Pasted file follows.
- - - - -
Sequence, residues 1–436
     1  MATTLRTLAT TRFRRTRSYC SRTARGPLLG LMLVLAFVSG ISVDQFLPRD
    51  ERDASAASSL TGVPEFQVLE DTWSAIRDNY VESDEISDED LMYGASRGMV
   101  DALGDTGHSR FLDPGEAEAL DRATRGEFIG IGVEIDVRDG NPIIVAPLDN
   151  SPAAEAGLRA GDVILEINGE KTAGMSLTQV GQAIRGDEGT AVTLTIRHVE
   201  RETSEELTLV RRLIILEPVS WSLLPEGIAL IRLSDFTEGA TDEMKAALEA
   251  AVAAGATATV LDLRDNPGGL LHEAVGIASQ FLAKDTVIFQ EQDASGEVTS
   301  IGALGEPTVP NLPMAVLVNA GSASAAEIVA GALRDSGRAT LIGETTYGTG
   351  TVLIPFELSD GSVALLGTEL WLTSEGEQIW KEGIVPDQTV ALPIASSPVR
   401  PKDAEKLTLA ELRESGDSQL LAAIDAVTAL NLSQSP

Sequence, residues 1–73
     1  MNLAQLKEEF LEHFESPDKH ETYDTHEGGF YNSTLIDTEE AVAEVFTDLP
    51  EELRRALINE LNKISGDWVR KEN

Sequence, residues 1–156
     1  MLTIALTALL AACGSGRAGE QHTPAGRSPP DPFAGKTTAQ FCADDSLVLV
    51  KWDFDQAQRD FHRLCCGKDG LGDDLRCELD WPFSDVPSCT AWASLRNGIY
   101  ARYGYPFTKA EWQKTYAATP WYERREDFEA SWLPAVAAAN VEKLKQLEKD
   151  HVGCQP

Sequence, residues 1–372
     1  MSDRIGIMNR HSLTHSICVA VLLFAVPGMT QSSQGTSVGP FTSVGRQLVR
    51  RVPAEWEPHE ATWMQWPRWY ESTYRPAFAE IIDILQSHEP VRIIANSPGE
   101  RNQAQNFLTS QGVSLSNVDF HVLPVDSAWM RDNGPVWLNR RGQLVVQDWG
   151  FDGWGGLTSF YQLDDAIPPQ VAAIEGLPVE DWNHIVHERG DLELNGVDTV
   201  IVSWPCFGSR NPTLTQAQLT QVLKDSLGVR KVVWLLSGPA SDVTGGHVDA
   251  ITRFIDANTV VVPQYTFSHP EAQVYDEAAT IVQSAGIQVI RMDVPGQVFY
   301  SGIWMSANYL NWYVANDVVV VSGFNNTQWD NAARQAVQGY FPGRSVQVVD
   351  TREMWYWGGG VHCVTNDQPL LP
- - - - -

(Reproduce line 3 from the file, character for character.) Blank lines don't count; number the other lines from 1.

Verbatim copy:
    51  ERDASAASSL TGVPEFQVLE DTWSAIRDNY VESDEISDED LMYGASRGMV